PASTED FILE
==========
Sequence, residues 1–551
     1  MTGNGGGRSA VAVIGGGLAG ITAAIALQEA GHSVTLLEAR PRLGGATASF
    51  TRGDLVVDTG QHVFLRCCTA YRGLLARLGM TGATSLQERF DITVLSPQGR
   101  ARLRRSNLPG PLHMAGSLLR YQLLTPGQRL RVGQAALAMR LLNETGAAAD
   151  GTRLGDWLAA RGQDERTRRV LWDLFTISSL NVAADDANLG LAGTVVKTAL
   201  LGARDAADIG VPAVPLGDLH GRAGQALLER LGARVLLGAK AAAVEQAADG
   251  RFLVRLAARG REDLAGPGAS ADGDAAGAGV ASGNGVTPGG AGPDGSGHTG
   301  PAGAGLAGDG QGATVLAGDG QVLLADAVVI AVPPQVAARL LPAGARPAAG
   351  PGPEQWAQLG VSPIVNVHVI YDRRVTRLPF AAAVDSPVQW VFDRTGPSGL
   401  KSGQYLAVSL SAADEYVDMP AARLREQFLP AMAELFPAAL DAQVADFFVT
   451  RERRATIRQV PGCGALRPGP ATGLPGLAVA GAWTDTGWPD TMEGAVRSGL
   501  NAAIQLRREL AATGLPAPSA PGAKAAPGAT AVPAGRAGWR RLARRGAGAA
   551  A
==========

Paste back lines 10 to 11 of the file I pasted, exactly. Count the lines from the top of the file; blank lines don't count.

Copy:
   401  KSGQYLAVSL SAADEYVDMP AARLREQFLP AMAELFPAAL DAQVADFFVT
   451  RERRATIRQV PGCGALRPGP ATGLPGLAVA GAWTDTGWPD TMEGAVRSGL